Mitochondria as a source of mechanical signals in cardiomyocytes.
Kaasik A, Kuum M, Joubert F, Wilding J, Ventura-Clapier R, Veksler V
Cardiovasc Res (2010)
Category: ions, mitochondria ¤ Added: Mar 22, 2010 ¤ Rating: ◊◊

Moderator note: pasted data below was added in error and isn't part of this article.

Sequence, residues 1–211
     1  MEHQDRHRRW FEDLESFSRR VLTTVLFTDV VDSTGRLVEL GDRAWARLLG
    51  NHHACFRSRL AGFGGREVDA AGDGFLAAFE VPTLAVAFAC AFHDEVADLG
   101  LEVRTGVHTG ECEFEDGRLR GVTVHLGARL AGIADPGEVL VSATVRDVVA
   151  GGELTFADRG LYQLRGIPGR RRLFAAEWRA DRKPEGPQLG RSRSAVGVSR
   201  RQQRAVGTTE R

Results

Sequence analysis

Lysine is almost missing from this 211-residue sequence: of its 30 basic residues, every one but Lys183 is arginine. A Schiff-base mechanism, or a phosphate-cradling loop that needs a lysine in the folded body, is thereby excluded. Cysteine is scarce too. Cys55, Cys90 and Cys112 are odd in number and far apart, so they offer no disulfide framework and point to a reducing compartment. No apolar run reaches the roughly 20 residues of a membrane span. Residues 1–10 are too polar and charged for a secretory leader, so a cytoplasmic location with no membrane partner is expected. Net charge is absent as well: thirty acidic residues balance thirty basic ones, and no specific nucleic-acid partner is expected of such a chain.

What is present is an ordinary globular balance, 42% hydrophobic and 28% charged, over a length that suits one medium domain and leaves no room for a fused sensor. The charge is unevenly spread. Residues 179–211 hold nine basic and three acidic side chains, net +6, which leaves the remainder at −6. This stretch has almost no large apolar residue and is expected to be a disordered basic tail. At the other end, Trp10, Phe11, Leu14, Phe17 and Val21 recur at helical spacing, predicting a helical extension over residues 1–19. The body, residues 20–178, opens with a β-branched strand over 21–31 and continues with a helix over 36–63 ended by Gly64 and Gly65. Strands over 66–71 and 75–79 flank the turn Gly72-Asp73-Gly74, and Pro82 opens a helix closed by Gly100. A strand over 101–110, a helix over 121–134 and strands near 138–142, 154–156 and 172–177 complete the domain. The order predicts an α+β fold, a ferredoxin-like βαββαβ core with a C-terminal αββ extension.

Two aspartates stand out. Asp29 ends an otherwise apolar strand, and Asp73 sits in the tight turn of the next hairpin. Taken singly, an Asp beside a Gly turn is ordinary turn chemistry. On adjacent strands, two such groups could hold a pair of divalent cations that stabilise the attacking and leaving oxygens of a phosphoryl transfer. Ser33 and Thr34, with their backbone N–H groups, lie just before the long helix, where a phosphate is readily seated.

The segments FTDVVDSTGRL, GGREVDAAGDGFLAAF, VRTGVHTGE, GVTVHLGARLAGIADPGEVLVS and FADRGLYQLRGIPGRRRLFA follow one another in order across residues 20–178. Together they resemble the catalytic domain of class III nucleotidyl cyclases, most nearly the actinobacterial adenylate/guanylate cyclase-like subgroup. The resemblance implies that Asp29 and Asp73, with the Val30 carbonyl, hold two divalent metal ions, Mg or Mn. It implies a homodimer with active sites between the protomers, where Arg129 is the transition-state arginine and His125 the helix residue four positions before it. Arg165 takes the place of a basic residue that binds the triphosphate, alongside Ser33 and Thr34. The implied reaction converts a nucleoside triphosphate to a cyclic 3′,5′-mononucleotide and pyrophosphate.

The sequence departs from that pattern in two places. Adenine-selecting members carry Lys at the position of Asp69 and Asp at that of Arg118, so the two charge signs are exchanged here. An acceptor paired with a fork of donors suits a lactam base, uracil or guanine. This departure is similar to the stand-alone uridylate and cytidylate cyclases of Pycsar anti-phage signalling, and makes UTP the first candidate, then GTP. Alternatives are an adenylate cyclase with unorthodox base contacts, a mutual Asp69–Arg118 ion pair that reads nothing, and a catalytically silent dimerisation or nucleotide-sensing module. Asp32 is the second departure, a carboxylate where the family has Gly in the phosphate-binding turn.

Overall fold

AIMS: The myofibrillar and nuclear compartments in cardiomyocytes are known to be sensitive to extracellular mechanical stimuli. Recently, we have shown that alterations in the mitochondrial ionic balance in cells in situ are associated with considerably increased mitochondrial volume. Theoretically, this swelling of mitochondria could impose mechanical constraints on the myofibrils and nuclei in their vicinity. Thus, we studied whether modulation of mitochondrial volume in cardiomyocytes in situ has a mechanical effect on the myofibrillar and nuclear compartments. METHODS AND RESULTS: We used the measurement of passive force developed by saponin-permeabilized mouse ventricular fibres as a sensor for compression of the myofibrils. Osmotic compression induced by dextran caused an increase in passive force. Similarly, mitochondrial swelling induced by drugs that alter ionic homeostasis (alamethicin and propranolol) markedly augmented passive force (confirmed by confocal microscopy). Diazoxide, a mitochondrial ATP-sensitive potassium channel opener known to cause moderate mitochondrial swelling, also increased passive force (by 28 +/- 5% at 10% stretch, P < 0.01). This effect was completely blocked by 5-hydroxydecanoate (5-HD), a putative specific inhibitor of these channels. Mitochondrial swelling induced by alamethicin and propranolol led to significant nuclear deformation, which was visualized by confocal microscopy. Furthermore, diazoxide decreased nuclear volume, calculated using three-dimensional reconstructed images, in a 5-HD-dependent manner by 12 +/- 2% (P < 0.05). This corresponds to an increase in intracellular pressure of 2.1 +/- 0.3 kPa. CONCLUSION: This study is the first to demonstrate that mitochondria are able to generate internal pressure, which can mechanically affect the morphological and functional properties of intracellular organelles.
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